In his book New Seeds of Contemplation, Thomas Merton writes the following:
Every moment and every event in everyone’s life on earth plants something in our soul. For just as the wind carries thousands of winged seeds, so each moment brings with it germs of spiritual vitality that come to rest imperceptively in the minds and wills of men [and women]. Most of these unnumbered seeds perish and are lost, because [people] are not prepared to receive them.
Merton’s comments are a perfect contemporary version of the story in Matthew’s gospel about the sower who went out to sow. This well-known parable of Jesus is rich in symbolism, meaning, and insight for those who have the ears to hear.
One lesson we can surely learn from the parable of the sower is that our God is constantly lavishing his grace upon us. He does so without ceasing in good times and in bad, in times of gladness and in times of sadness and sorrow. Even in a world of confusion and imperfection and injustice, our God continues to pour out his own self upon us. God always says only “Yes” to us, and eagerly waits for us to say “Yes” back to him. This is very important for us to know, to remember, to recognize, to appreciate, to understand, to take into our hearts, and to believe. Our God is always for us and never against us.
Another revelation contained in the parable of the sower is that God is patient with us, infinitely patient. He gives us time to grow and to mature, to develop into the full stature of his beloved daughters and sons, to become adults, to become fully alive, holy, and deeply human. The idea of having time to grow and mature in the midst of an imperfect world is an integral part of the gospel’s teaching. In this regard, William F. Lynch, S.J., writes, “The truth is that we are all imperfect to a degree, though that is nothing to disturb us. For all this means is that we are never in complete and undistorted touch with things as they are. Time and life itself are meant to purify our vision. Time and life itself do a pretty good job of analyzing most of us.”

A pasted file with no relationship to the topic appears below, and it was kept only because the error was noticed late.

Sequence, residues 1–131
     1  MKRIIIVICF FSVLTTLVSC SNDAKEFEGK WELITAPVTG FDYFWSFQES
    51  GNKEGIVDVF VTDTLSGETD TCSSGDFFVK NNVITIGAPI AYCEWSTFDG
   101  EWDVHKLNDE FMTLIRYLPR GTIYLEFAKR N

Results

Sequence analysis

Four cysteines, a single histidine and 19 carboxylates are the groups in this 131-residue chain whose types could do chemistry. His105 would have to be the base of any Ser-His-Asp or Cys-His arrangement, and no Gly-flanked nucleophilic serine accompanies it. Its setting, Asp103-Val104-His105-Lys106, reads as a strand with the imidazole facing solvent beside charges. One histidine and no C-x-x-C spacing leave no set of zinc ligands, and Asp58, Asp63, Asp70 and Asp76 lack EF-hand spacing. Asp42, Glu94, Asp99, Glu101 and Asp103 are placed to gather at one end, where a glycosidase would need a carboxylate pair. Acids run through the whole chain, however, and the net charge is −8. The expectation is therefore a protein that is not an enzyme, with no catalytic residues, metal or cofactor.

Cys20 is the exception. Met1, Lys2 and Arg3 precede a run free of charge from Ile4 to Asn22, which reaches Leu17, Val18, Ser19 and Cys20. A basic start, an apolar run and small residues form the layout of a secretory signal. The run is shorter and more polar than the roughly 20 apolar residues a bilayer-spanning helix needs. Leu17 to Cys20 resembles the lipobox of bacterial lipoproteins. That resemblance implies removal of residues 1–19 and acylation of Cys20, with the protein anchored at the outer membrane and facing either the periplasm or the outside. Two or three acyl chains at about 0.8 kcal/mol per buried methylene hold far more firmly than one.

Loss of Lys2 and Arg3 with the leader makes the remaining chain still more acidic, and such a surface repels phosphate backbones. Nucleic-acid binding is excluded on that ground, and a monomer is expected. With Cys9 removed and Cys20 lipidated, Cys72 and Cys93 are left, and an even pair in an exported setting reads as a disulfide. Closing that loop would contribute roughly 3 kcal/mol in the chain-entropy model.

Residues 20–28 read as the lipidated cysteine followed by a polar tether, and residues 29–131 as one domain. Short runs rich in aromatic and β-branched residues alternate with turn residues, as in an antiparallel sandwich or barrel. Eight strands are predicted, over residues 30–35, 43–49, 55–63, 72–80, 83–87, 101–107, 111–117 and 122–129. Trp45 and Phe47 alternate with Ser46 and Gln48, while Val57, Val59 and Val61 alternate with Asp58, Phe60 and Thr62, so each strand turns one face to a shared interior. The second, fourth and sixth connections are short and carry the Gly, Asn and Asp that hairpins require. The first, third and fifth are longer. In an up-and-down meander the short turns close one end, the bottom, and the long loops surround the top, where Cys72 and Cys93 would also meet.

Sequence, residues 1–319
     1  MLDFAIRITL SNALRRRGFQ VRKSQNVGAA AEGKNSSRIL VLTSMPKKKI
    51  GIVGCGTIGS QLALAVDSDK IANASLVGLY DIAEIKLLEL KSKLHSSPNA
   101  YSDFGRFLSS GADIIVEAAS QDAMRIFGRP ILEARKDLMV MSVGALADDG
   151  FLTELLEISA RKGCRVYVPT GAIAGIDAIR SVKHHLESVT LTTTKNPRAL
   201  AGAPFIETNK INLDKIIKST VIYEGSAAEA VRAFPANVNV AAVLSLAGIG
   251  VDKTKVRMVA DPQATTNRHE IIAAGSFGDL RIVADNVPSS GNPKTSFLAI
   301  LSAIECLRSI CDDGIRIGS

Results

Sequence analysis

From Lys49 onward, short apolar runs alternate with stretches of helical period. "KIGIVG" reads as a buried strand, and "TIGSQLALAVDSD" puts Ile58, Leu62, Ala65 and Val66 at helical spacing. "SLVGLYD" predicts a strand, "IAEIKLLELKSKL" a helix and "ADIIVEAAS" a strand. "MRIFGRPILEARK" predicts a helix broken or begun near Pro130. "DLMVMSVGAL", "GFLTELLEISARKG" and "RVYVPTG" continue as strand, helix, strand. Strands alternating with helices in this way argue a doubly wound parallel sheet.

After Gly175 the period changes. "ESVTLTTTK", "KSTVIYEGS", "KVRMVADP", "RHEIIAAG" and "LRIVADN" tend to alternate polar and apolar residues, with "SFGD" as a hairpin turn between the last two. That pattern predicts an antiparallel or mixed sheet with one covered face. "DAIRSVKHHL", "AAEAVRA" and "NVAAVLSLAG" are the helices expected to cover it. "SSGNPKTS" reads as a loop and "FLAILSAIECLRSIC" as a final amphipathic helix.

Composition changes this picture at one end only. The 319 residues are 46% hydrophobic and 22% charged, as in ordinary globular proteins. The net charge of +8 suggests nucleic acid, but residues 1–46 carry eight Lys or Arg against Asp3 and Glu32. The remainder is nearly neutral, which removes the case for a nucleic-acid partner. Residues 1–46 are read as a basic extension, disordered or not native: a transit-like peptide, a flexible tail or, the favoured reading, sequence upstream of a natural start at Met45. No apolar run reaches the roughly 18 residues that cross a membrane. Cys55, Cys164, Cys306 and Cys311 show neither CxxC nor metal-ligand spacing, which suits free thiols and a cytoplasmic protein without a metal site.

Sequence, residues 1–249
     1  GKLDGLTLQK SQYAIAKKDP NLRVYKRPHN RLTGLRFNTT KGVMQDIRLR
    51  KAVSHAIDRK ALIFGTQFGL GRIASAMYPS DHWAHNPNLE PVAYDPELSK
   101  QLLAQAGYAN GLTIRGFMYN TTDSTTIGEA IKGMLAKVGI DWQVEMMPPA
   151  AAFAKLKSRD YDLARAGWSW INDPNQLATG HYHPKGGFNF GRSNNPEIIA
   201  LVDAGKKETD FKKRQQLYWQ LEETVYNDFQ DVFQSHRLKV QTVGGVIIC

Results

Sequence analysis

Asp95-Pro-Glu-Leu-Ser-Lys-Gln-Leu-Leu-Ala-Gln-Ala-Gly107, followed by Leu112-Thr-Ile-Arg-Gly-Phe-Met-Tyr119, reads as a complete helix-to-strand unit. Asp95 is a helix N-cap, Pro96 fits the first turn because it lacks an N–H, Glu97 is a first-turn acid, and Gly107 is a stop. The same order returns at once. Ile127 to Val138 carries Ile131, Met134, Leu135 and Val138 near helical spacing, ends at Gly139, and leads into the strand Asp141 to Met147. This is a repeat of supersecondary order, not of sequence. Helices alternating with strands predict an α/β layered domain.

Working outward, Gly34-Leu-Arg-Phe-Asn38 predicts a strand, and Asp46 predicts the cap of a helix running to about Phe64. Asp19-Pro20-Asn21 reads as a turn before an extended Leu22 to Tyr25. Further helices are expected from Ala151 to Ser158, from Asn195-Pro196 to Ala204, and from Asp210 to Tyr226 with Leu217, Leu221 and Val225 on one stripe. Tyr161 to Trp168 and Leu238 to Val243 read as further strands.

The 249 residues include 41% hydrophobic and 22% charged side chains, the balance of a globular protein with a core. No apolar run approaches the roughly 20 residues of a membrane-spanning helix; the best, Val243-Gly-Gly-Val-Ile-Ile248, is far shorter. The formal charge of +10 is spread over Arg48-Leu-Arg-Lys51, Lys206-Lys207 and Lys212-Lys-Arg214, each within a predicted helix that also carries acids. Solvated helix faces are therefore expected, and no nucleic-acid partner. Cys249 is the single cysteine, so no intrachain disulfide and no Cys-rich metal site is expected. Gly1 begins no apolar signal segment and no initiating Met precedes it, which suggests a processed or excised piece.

Jesus said at one point that “the rain falls upon the just and the unjust alike,” and on another occasion he warned his followers to wait until the grain in the field is fully ripe before it is harvested. Implied in these sayings is the need for all of us to be patient, not only with others but with ourselves as well, and even to be patient with God. Being patient can be very difficult for us, particularly in a world of increasing speed and travel and technology, a world that seems accompanied by a growing dehumanization in our relationships. One of the hardest things for human beings to do at times is simply to wait when we may have exhausted all our other options. Lynch again: “The decision to wait is one of the great human acts. It includes enlarging one’s perspective beyond a present moment without quite seeing the reason for doing so . . . it simply chooses to wait and in doing so it gives the future the only chance it has to emerge. It is therefore the most fundamental act, not the least act of the imagination.”
In contrast to this sentiment of learning how to wait in patience, psychotherapist Rollo May once observed, “It is an old and ironic habit of human beings to run faster when we have lost our way, and we grasp more fiercely at research, statistics and technical aids when we have lost the value and meaning of love.” These remarks can serve as a cautionary tale warning us that there can be a downside to the wonders of technology if we are not careful in our use of it.
In the parable of the sower, Jesus speaks of seeds that fall on dry ground and wither and those that fall among thorns and are choked before maturing. He speaks of seeds that are snatched away from our hearts even before they put down roots. These metaphors imply that something necessary for growth and development is missing in our lives, some lack of purpose or longing or commitment that prevents us from growing into the full stature of our humanity.